Sunday, May 16, 2010

The Pain-Body Causes Criminals to Snap

This article was originally published by Technorati on 16 May 2010 as a Simply Spirited feature. To see all my Technorati articles, click Lifestyle in the Contents listing on the sidebar.

The Oxygen Network will premiere a new episode of "Snapped," its true crime series about women who kill tonight at 10:00 p.m. EDT (9:00 Central).

The 2004 murder-for-hire plot of Florida woman Karen Tobie (attention: spoiler alert if you click this link) is the subject of tonight's installment of the series, in its eighth season, that claims all female killers share a common trait: "At some point, they all snapped." Thus the title.

This is likely true on some level for men who kill as well. Be that as it may, where does this impulse come from? Spiritual teacher Eckhart Tolle says that violence in general arises when people lose touch with "their natural state, the joy of life within."

In The Power of Now, he states the obvious: "Only people who are in a deeply negative state, who feel very bad indeed, would create such a [violent] reality as a reflection of how they feel."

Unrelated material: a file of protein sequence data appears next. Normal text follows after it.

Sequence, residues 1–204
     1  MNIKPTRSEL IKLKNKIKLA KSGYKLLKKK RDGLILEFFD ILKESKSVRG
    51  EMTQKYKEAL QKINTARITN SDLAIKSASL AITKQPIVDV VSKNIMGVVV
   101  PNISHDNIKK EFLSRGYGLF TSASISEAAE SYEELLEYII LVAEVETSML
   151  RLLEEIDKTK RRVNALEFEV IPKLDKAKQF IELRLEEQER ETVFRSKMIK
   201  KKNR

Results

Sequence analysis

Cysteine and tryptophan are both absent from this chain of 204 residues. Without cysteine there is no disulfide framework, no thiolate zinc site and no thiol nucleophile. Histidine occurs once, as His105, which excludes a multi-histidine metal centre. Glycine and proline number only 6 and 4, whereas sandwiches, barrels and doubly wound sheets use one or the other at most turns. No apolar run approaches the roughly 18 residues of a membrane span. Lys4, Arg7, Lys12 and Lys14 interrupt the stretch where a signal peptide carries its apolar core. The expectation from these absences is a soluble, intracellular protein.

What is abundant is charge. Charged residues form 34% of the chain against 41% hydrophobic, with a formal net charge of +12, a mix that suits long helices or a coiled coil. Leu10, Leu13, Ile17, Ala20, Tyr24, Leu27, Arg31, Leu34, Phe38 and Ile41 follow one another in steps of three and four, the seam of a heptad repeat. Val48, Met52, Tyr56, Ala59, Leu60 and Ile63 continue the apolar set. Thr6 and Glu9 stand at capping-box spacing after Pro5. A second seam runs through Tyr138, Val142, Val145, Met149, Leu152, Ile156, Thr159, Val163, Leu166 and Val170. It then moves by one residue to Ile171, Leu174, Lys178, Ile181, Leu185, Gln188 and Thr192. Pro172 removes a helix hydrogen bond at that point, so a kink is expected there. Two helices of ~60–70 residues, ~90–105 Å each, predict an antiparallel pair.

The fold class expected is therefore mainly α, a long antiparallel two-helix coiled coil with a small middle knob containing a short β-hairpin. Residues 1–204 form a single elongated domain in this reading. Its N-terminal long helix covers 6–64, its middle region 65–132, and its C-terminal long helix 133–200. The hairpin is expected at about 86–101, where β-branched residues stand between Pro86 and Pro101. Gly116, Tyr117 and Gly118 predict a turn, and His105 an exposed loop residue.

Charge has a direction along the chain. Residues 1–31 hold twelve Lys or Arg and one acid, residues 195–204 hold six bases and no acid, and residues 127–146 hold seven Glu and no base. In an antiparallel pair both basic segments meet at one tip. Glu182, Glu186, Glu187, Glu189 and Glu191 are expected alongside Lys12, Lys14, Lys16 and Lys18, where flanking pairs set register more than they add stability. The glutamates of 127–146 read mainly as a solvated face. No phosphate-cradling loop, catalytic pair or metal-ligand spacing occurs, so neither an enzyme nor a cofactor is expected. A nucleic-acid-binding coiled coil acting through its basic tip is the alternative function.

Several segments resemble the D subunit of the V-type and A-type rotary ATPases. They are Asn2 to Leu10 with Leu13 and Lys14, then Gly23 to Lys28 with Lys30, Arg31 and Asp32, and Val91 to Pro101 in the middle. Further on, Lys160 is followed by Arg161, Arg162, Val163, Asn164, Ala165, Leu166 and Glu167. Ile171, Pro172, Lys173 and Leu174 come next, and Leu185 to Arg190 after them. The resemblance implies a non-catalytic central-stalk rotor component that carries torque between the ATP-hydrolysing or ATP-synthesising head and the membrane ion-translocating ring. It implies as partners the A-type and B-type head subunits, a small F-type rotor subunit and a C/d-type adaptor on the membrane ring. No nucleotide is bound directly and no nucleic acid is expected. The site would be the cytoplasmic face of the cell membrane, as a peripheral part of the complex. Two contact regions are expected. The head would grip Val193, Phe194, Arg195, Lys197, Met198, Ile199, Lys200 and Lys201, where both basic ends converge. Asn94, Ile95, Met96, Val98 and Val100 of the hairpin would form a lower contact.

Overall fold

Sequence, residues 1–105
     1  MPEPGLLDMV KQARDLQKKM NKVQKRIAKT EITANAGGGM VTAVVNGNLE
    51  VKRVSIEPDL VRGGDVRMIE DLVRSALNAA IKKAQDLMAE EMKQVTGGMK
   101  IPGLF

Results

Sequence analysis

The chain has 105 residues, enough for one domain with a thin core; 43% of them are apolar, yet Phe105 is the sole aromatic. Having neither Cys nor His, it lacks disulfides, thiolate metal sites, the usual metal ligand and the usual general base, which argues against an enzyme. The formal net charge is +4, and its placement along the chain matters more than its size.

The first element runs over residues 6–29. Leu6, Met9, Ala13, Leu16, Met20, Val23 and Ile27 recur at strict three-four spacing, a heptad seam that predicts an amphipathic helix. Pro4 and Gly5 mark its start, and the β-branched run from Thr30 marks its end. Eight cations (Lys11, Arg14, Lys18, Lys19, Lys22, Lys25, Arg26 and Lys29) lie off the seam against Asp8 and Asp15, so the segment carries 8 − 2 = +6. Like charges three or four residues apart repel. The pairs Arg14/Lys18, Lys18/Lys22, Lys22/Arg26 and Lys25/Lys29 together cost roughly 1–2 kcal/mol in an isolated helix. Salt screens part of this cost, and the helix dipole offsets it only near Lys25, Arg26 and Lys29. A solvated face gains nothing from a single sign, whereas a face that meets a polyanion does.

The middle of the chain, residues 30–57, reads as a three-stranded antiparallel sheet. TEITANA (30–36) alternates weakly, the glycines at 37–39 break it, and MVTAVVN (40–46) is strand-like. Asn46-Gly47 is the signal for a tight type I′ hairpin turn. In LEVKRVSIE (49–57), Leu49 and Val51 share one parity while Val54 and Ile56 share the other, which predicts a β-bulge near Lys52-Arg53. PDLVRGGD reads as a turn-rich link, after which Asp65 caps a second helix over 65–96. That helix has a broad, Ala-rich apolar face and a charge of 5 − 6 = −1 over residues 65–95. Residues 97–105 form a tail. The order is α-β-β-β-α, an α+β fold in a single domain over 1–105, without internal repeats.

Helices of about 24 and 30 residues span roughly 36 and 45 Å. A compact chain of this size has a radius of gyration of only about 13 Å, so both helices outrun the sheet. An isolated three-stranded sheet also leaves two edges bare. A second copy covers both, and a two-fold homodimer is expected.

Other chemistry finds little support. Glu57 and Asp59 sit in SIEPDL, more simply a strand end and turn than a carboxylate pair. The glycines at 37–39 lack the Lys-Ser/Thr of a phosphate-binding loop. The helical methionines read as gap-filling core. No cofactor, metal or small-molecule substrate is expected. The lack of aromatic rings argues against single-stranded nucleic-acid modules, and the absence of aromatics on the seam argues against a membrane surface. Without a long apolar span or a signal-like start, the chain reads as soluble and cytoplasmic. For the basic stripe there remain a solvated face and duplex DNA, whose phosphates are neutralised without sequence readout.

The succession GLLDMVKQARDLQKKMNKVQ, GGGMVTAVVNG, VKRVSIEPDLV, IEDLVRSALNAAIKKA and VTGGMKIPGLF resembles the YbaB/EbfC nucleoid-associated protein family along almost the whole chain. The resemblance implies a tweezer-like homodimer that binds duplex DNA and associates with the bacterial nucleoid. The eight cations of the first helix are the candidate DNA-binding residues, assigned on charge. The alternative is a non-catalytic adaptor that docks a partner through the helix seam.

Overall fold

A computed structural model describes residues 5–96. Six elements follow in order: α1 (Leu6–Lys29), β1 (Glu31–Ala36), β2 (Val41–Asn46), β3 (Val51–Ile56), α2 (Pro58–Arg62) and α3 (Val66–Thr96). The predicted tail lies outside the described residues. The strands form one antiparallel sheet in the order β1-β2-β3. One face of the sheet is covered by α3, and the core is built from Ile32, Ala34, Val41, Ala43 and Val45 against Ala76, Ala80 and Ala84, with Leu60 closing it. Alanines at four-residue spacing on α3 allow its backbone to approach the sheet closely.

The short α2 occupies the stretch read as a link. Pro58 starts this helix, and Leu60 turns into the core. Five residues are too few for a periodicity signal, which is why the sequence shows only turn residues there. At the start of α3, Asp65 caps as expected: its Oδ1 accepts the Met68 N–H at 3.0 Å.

Instances of violence in which people snap, according to Tolle, are manifestations of what he calls the pain-body (and what traditional Christianity calls original sin). The pain-body can, indeed, make its owner "feel very bad indeed."

The pain-body, according to Tolle, is a semi-autonomous mass of buried negative emotion that can take us over from time to time, making us feel bad and unconsciously motivating our behavior in negative ways.

The only way to get rid of the pain-body, Tolle says, is to become conscious of it. When we understand how it works, we can be prepared when it awakens out of dormancy. We can feel when it makes us feel physically bad and we can become aware of its motivational impulse. This breaks its hold over us and dissolves it.

It is a key factor in criminal behavior, he says. In A New Earth, Tolle writes: "To my knowledge so far, no defense lawyer has said to the judge . . .'This is a case of diminished responsibility. My client's pain-body was activated, and he did not know what he was doing."

Or she.

It's too late for her attorney to implement this novel strategy, but tune into "Snapped" tonight on Oxygen to find out whether Karen Tobie will learn about her pain-body in the comfort of freedom or from behind bars.

You might also like: The Pain-Body in the Workplace


  1. Well, I will go along with Mr Tolle. Have you read 'Henderson The Rain King.' It's a novel about a man who will not pass on the hurt and pain.

    As for the 'analysis' that these ladies have snapped, I guess that is a bit of reasoning after the fact.

  2. I haven't read that novel. Sounds interesting. I'm not quite sure what you mean about reasoning after the fact.

    Thanks so much for the comment!


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